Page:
Stalker 2 Hands On Preview – A must play game on Xbox this September

The story of Stalker 2 is familiar at this point. Finally, after delays, cancellation and rediscovery in 2018, the cult classic PC game was set to get a real sequel in 2022, before the Russian invasion of Ukraine forced Kiev-based GSC Game World to move the most great to study in Prague. And yet, despite all the difficulties, Stalker 2 is almost here and it looks incredibly impressive.

For context, we got some hands-on time with Stalker 2 at Gamescom 2023, and things didn’t look too good. The gameplay felt rough, the demo was choppy, and it generally felt a little aimless. Given everything that was going on, it was completely understandable that things weren’t exactly changing, but the fact still remained that there seemed to be a long way to go for the game, which made its then-2023 release date a bit of a worry with fear that it would be released in a substandard state.

Going into Summer Game Fest 2024, we didn’t know what to expect from Stalker 2. Mind you, it’s been less than a year since we last got our hands on what was a disappointing demo, so really, we didn’t expect much. And yet, right away, Stalker 2 caught us by surprise. This is the real deal and looks fantastic.

Stalker 2: Heart Of Chornobyl Hands On Preview - An impressive and crushing FPS 1 Gem

The game’s graphics were the first thing that caught our eye compared to that Gamescom demo; something that seemed unusual by Xbox One standards just under a year ago was now pretty cool (maybe not the right word to describe a nuclear wasteland, but you get what we mean). The character models, foliage and lighting were all phenomenal, and clearly taking full advantage of Unreal Engine 5. Clearly, graphical fidelity isn’t the be-all and end-all of whether a game will be good or not, but it was the first sign that this was a far cry from the game we played just under a year ago.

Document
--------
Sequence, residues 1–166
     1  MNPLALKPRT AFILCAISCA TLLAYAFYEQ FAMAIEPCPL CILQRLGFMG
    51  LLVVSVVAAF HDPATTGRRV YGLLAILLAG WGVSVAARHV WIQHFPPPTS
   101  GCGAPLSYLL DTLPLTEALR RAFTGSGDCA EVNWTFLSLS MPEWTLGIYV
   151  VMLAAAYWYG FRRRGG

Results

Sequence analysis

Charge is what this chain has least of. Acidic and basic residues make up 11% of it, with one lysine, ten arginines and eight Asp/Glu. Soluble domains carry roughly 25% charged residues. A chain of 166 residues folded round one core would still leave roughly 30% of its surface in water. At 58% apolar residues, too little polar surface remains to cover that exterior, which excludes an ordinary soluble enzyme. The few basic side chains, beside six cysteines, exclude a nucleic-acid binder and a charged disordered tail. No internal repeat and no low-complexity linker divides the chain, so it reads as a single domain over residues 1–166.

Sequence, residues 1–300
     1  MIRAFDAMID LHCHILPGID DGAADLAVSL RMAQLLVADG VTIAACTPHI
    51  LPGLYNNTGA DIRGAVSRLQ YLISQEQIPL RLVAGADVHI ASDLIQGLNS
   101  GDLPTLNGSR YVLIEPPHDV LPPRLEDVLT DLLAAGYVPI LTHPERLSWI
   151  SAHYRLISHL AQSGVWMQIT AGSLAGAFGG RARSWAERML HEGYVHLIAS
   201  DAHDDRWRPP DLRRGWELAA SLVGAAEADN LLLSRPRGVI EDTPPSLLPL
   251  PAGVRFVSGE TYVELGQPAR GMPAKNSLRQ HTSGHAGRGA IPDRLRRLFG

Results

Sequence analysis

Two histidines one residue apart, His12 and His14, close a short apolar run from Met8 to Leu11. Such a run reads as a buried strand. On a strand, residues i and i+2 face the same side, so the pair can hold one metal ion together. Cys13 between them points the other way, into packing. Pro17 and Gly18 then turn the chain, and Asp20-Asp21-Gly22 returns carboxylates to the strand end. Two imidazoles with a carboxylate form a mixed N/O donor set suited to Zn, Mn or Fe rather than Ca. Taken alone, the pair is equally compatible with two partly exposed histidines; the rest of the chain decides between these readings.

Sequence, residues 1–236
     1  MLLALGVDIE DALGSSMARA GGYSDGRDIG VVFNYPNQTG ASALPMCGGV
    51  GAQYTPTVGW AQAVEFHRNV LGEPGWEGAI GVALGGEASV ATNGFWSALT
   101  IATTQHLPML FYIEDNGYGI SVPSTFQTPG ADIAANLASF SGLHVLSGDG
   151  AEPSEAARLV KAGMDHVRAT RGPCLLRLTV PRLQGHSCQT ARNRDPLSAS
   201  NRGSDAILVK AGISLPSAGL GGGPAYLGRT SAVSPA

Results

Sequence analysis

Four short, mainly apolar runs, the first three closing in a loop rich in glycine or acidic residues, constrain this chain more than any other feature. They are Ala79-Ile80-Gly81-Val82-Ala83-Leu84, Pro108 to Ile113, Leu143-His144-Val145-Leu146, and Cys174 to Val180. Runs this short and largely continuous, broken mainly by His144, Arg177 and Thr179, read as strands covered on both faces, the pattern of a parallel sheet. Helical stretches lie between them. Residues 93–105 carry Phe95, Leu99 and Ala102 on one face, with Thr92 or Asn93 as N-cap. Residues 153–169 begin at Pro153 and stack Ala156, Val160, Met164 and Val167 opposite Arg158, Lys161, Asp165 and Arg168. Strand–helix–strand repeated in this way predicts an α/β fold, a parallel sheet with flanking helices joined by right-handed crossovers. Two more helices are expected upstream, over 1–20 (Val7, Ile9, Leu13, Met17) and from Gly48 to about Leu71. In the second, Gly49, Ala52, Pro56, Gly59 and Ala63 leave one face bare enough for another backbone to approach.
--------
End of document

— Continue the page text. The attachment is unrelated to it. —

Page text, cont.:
We had the opportunity to play what was described to us as the opening game in 40 minutes. You and a companion are sneaking into the Chernobyl Exclusion Zone to investigate it. Of course, things aren’t as simple as just walking through the front door and throwing a scanner down before heading home for a nice pint and waiting for the whole thing to blow up.

Stalker 2’s Chornobyl is oppressive, it’s brutal, and it won’t do your health any good to hang around there (the series takes place in a world where a second Chernobyl disaster happened, so things aren’t in very good shape). And that brutality doesn’t hold back when it comes to the game’s combat. Those who have played Stalker: Shadow of Chornobyl back then (or through the recent Legends of the Zone trilogy) will know that the game is uncompromising. While you might think GSC Game World has lightened up a bit for what’s poised to be a game that’s going to be a lot more mainstream than its previous entries (in part because it was on day one of Xbox Game Pass) , Stalker 2 is not It will not be a cakewalk.

Combat in Stalker 2 is weighty; you really feel every single bullet you fire due in part to the copious amounts of recoil and limited ammo supply – you have to time your shots carefully. Running into a group of enemies and blasting away with a machine gun is certainly possible, but we wouldn’t recommend it. The enemy AI is relentless from what we played, be it humans or mutant dogs – once you attack them, they’ll stay on their ass until you or they die. While we played for about 40 minutes, we definitely didn’t get 40 minutes of gameplay thanks to this.

Stalker 2: Heart Of Chornobyl Hands On Preview - An impressive Gem 2 and crushing FPS

While it doesn’t get how cryptic the original trilogy can be, Stalker 2 definitely still has some moments that could be better explained. Recurring ‘Poltergeist’ enemies (invisible beings that like to throw household items at you and drain your health) definitely fall into this category; how to defeat them wasn’t explained at all here, which could definitely frustrate some players – especially considering how much people threw these enemies around in the original titles. The demos are obviously not an indication of how the full game will play out, and we’d hope that situations like this are better explained in the full release, but you can tell that the stealthy nature of Stalker hasn’t been completely eradicated in Stalker 2.

Regardless, from our practices at Summer Game Fest 2024, Stalker 2 is shaping up to be something special. Visually, it is absolutely stunning and atmospheric. Its immersive sim-style approach to mission design leaves you with so much to play with and experiment with. And the combat is brutal and satisfying; which makes the already oppressive world even more terrifying to face. Stalker 2 isn’t just an impressive game for a studio that’s done so badly over the years, it’s just an impressive period of gameplay. And it’s shaping up to be one of the biggest wins for Xbox (and Game Pass!) in 2024, when it finally releases on September 5th.

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